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Red-winged blackbird females gather cattail fluff for their nests in springtime.

Red winged blackbirds will often weave their nest in cattail reeds right out over the water.

Red-winged blackbird eggs are blue with black blotches

Baby red-winged blackbirds patiently wait for lunch.

Red-winged blackbird parents are kept busy feeding those babies during the summer.

Moms providing the lunch in this picture.

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Red-winged blackbirds likely feed their babies cattail caterpillars, that turn into Henrys marsh moths.

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Henrys marsh moth is much more boring.

Dad red-winged blackbirds are easier to identify.

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Male red-winged blackbirds use their red shoulder badges to show their strength.

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Red-winged blackbirds sing kirk-a-lee

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Red-winged blackbirds mobbing a sandhill crane.

Sandhill cranes eat salamanders and frogs in wetlands.

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Sandhill cranes nest on reed mats at Cardinal Marsh.

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Sandhill crane eggs. Floods can wipe them out for the year.

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Baby Sandhill Crane.

Baby sandhill crane.

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Baby sandhill cranes eat seeds, tubers, and bugs.

Young sandhill cranes are called colts.

The great blue heron is another long-legged wading bird commonly seen around in area wetlands.

Great blue herons are almost five feet tall.

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Great blue herons prowl shorelines or shallow swamps proper.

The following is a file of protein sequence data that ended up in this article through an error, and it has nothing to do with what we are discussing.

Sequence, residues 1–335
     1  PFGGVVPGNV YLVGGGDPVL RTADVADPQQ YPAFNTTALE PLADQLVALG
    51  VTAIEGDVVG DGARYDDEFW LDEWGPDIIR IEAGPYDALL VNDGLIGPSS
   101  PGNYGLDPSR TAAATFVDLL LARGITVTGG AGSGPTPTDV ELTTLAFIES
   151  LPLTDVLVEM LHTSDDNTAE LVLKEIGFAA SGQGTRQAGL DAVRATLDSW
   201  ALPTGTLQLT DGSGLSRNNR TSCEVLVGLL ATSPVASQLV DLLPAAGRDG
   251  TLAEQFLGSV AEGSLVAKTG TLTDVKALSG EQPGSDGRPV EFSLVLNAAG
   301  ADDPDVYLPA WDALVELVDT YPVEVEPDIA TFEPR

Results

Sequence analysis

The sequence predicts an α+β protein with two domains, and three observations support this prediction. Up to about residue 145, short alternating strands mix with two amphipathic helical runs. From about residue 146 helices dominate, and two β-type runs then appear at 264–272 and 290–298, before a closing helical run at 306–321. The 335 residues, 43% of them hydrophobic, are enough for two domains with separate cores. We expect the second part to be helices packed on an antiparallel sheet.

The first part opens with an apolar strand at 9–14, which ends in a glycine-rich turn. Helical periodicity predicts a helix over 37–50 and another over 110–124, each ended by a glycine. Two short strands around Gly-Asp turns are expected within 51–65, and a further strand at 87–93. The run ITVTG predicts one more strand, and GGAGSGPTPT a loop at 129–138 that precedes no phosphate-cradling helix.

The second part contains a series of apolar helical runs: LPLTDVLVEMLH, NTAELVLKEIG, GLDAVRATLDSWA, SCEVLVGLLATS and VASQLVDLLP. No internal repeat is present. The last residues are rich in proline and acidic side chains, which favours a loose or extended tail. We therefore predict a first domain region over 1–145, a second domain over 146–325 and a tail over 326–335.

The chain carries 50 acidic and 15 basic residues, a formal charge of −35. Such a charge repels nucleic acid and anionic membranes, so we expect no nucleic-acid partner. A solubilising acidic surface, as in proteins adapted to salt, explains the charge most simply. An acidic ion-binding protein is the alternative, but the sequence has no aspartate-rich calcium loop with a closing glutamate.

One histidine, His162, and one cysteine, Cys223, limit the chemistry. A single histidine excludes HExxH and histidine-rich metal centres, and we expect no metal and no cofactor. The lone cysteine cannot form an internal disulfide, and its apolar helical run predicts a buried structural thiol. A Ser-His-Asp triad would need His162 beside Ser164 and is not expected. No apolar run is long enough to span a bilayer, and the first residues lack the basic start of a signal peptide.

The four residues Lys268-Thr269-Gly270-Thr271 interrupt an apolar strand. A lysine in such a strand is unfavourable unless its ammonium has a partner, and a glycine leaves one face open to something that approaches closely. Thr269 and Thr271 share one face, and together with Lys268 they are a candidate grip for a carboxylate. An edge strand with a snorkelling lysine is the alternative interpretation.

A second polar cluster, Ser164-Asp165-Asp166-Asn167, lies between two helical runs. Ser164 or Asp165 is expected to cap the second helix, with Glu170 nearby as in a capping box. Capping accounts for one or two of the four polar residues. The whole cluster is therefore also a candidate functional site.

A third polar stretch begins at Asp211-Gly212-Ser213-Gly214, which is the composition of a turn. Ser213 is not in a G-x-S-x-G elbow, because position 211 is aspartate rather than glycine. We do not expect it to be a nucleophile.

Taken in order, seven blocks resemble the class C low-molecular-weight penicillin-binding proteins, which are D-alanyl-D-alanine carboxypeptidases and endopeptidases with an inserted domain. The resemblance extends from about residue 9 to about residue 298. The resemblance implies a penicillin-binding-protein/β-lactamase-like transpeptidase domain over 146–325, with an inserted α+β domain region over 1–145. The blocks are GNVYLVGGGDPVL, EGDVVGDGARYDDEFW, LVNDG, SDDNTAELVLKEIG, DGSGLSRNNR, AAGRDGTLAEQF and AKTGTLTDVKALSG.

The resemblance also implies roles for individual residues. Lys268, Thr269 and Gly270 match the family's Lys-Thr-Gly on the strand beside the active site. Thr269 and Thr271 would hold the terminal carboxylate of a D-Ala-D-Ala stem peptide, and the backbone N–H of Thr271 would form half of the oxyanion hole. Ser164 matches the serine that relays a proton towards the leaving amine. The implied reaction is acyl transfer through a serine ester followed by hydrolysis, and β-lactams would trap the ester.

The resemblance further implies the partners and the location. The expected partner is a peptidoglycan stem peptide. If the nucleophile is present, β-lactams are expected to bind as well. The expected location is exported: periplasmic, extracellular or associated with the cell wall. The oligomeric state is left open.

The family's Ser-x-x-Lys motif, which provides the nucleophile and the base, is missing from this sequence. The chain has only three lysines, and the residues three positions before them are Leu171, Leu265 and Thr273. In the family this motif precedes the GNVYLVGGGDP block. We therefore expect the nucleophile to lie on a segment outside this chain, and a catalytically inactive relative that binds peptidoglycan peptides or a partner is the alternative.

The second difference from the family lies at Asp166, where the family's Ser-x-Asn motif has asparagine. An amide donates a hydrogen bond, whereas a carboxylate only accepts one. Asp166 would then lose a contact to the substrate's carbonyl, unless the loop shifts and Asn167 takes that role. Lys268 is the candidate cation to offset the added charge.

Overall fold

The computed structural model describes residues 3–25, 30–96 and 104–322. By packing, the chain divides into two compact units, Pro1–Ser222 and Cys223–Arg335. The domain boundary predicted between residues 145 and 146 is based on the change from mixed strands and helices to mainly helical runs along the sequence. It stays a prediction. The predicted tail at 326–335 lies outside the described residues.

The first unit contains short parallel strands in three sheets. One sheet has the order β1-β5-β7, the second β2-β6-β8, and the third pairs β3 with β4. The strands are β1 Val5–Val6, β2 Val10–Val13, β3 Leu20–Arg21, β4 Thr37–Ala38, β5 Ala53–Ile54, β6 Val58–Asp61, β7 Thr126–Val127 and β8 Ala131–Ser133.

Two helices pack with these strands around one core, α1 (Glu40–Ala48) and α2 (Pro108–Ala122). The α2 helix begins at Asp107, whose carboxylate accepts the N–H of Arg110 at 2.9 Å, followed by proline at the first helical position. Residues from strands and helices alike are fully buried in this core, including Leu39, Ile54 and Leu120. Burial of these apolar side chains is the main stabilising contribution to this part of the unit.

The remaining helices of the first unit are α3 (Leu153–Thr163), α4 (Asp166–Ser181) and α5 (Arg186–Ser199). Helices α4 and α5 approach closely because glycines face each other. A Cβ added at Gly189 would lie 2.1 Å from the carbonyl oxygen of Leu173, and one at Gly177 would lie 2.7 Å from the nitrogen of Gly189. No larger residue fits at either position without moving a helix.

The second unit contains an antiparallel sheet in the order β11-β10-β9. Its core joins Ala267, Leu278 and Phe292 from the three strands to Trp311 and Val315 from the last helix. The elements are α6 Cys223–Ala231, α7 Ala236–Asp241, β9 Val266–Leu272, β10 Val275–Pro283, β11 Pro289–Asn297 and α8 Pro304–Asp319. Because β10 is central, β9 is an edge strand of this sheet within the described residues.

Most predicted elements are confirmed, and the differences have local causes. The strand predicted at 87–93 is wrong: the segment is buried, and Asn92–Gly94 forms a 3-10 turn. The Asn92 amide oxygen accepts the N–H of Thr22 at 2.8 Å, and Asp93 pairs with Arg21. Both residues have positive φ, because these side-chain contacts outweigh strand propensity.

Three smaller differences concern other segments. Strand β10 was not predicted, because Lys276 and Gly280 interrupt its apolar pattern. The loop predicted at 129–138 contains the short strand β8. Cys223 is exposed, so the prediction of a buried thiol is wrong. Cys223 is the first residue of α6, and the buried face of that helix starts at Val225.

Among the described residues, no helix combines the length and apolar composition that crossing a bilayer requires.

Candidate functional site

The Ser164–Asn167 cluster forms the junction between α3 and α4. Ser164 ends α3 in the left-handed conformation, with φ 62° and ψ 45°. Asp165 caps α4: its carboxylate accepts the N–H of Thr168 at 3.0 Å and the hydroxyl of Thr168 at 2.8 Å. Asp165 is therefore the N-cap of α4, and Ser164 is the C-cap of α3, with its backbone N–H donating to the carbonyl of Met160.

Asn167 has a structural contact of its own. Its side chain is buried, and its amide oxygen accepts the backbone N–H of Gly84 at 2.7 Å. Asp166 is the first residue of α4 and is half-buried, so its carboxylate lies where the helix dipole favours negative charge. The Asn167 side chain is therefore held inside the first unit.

The great blue herons bill is a sharp deadly weapon.

Great blue heron lunging forward with a hopeful strike.

Great blue herons have a really long reach.

Great blue herons dont worry about bullhead spines.

Great blue heron with another well-placed thrust.

This pumpkinseed is a pretty little tasty tidbit.

Slithery slippery snakes taste good too.

Great blue herons also skewer & swallow meadow voles.

Green herons slowly patrol swamp shorelines too.

Green herons are rather short and look stocky in nature

Green herons often stand statue-still for hours on end.

Notice the spider webs wrapped around this green heron

Minnows are a prime focus for hungry green herons.

These brown domes are muskrat houses made from cut cattails.

Muskrats, called marsh rabbits down South, live in water

They may call them that because they reproduce rapidly when conditions are good. Unfortunately, muskrats are on the decline in Iowa. Habitat loss and disease pressure probably play a role.84

muskrat

Muskrats have skinny rat-like tails

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Muskrats chow down on chewy cattail shoots, sedge leaves and snails.

Mama Canada goose topping off a muskrat house while trying to make herself scarce. Muskrat mounds are important habitat for many wetland birds.

Raccoons roam around marsh shorelines looking for easy pickings. Clams and worms would be common choices.

Mink are skinny brown stealthy mammals in wetlands.

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Mink and raccoons may be intimidated by a mad Canada goose.

Canada goose eggs nestled in a down-filled cup.

Canada goose eggs would certainly make a filling meal.

Baby Canada Geese are well guarded.

A happy Canada goose family taking off to forage.